Unmanned Aerial Vehicles: Introduction to Flying Robots and Drones

Robot Tech

Unmanned aerial drone or flying robot

Unmanned Aerial Vehicles: Introduction to Flying Robots and Drones

Mark Fairchild
Freelance Technical Copywriter
Fairchild Copywriting

Guide to unmanned aerial vehicles, also known as flying robots or drones. Learn what they're used for, their pros and cons, and where to source them.

Aerial drones have gone from a novelty to being commonplace. Unmanned Aerial Vehicles (UAVs) are used in a variety of commercial applications. According to the US Federal Aviation Administration, over 340,000 commercial drones are registered in the United States, with over 250,000 remote pilots certified. According to Grand View Research, the global commercial drone market was valued at US $ 13.44 billion in 2020.  The annual growth rate is projected at a remarkable 57.5% from 2021 to 2028. 

Drones can be categorized as military, commercial, and personal. In this article, we focus on commercial applications.

We explore drones through the following topics:

  • Law Enforcement and Public Safety
  • Inspection
  • Most Advanced Features
  • Safety, Licensing, Training
  • How to Source Commercial Aerial Drones

Law Enforcement and Public Safety

A law enforcement officer standing behind an aerial drone.  The drone is on the ground on an orange landing pad on a city street with by-passers in the background.

Aerial drones are increasingly used by law enforcement agencies worldwide.  In some cases, the drone is the first responder to an emergency call. The UAV relays information back to the remote pilot. The pilot collaborates with colleagues, and they decide whether and how to deploy officers. 

The technology is mature, and some vendors offer packages specially configured for law enforcement and public safety.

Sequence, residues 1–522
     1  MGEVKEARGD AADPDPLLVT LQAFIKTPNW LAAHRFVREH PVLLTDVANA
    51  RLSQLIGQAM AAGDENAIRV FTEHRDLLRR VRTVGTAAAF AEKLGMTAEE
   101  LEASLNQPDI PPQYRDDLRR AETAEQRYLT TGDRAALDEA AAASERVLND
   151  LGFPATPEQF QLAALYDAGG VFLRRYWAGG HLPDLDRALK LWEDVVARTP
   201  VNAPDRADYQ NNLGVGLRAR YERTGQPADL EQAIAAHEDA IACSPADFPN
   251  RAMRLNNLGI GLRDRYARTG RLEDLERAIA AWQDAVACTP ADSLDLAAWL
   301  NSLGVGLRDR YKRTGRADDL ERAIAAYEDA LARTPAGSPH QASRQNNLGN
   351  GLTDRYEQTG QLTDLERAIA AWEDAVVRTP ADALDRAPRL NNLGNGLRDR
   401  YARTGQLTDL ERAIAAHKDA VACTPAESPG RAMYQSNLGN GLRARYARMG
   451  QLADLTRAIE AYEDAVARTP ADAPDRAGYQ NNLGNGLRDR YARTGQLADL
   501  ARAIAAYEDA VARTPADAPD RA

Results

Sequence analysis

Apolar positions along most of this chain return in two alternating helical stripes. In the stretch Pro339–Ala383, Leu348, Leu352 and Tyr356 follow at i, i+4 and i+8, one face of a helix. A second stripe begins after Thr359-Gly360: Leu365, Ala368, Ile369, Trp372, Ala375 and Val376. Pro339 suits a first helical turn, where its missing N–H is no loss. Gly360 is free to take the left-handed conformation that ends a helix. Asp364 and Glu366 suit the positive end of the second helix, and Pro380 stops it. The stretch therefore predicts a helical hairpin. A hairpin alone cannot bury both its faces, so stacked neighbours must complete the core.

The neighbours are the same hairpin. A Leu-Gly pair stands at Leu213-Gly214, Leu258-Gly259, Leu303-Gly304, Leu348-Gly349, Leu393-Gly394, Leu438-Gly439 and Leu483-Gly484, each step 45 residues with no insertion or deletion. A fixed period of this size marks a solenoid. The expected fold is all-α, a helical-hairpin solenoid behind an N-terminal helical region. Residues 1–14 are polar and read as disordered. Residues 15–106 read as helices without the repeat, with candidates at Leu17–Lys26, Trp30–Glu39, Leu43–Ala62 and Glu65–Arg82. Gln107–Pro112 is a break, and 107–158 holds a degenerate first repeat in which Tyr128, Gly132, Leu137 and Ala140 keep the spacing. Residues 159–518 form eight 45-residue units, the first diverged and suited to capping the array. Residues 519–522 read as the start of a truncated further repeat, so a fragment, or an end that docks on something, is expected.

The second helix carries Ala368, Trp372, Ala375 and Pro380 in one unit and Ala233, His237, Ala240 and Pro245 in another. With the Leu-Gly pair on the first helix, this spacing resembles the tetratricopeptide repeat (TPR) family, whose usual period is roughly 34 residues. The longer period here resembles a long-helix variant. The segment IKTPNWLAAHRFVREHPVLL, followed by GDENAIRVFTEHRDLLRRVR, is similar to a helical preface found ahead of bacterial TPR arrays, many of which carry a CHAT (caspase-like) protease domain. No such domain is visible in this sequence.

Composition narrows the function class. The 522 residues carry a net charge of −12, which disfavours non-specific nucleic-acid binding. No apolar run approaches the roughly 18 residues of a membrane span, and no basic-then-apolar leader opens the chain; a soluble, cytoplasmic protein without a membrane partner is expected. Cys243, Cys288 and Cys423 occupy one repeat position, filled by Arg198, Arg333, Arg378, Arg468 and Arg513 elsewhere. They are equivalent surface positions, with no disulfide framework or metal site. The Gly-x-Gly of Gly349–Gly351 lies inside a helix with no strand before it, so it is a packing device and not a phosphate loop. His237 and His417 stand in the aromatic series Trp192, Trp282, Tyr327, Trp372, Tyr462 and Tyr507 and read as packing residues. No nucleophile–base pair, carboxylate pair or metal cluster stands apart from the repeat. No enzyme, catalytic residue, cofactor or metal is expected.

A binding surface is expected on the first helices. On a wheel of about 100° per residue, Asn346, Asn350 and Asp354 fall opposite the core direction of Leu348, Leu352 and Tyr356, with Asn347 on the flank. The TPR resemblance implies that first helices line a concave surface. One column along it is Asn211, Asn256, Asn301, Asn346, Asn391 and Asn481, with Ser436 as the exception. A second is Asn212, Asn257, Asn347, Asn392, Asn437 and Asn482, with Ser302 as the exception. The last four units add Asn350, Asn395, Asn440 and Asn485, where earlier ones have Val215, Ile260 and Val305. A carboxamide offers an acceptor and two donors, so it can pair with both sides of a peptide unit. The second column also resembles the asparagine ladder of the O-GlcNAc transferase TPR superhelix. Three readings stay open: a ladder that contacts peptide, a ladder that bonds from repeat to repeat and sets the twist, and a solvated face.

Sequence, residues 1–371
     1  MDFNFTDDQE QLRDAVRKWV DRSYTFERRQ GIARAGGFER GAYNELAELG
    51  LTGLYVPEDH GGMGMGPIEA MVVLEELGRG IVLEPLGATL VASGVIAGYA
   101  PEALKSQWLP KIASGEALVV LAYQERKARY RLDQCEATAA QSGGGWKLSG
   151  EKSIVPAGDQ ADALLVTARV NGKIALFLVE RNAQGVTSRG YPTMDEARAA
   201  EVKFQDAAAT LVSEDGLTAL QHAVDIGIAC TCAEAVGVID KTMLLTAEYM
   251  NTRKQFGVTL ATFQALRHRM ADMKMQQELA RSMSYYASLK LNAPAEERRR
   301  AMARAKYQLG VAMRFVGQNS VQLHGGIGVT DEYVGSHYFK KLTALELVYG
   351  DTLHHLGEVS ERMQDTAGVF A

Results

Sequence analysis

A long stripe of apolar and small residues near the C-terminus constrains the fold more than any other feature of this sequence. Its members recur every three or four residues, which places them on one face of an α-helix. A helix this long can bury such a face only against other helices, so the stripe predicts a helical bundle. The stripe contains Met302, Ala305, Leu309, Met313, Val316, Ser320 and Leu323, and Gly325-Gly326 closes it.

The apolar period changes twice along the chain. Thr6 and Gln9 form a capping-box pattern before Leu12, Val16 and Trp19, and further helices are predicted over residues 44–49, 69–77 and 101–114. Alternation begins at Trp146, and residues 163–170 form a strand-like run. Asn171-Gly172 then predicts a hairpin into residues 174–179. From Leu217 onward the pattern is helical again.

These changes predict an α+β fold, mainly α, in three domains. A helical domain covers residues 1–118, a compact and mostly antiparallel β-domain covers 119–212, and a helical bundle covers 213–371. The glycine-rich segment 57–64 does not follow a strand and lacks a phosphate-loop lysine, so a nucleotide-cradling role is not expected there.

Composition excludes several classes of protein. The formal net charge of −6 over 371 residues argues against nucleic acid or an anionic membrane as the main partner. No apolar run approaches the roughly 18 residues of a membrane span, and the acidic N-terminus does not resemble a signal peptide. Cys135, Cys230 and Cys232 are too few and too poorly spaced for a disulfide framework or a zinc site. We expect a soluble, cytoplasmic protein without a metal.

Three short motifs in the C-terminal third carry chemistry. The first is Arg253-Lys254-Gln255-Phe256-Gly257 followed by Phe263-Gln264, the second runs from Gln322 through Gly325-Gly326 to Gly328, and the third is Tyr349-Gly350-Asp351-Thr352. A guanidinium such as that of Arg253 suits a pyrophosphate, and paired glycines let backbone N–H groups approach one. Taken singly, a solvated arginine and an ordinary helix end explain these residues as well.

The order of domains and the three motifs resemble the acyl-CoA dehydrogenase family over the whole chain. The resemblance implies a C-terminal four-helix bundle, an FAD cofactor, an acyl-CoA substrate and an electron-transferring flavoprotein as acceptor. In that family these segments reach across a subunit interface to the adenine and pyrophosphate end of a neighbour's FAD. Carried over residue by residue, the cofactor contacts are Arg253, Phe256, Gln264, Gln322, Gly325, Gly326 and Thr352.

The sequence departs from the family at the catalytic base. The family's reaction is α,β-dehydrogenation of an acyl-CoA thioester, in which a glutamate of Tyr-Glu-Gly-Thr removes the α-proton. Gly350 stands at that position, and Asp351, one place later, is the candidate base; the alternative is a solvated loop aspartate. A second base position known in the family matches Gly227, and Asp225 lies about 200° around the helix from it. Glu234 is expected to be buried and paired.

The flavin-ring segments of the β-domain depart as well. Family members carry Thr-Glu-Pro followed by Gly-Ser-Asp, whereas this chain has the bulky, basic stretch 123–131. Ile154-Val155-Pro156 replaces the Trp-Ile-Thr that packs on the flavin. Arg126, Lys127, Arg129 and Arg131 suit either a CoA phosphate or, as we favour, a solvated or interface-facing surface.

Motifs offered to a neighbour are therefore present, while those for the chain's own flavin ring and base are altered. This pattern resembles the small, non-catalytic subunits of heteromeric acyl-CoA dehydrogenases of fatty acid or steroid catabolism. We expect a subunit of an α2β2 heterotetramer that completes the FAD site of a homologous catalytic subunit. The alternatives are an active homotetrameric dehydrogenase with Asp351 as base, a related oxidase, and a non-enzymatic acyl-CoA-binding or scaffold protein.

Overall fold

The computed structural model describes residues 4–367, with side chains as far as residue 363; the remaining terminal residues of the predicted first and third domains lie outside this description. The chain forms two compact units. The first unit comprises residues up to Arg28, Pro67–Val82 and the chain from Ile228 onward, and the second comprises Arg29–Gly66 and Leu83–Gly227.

Some of the features available include:

  • Thermal imaging – used in search and rescue and fugitive tracking
  • Automatic following - tap on a live video feed featuring a person, vehicle, or other objects, and the drone automatically follows the specified object. The drone uses image recognition to “lock onto” the target. 
  • Loudspeaker – for making announcements in hostage negotiation situations or crowd control
  • Microphone – for surveillance - listening to conversations
  • Spotlight – used in night-time situations
  • Glass breaching – the drone is equipped with special battering rams that can shatter the glass of a building or an automobile
  • Fleet management – sophisticated, cloud-based software allows for data from multiple drones to be integrated onto a single map and have a real-time video feed made available to law enforcement agents at multiple locations

Law enforcement drone pilots must be trained and certified.  Some vendors offer training programs. 

As technology advances, drones are developing more autonomous capabilities.  For example, a law enforcement agency can now purchase a drone to enter a building and autonomously navigate its way throughout without operator intervention.  

The use of law enforcement drones causes privacy concerns, and lawmakers are responding.  Some national security concerns have also been raised. One question is whether a drone maker could embed malicious software that would include “back door” access to the information gathered by the drone. And there are always safety considerations and regulations to be observed. 

In the United States, the Federal Aviation Administration (FAA) has begun issuing exemptions that allow law enforcement agencies to operate drones Beyond a Visual Line Of Sight (BVLOS).  Each country will naturally have its own regulations. 

Request offers for aerial drones for law enforcement and public safety.

Inspection Drones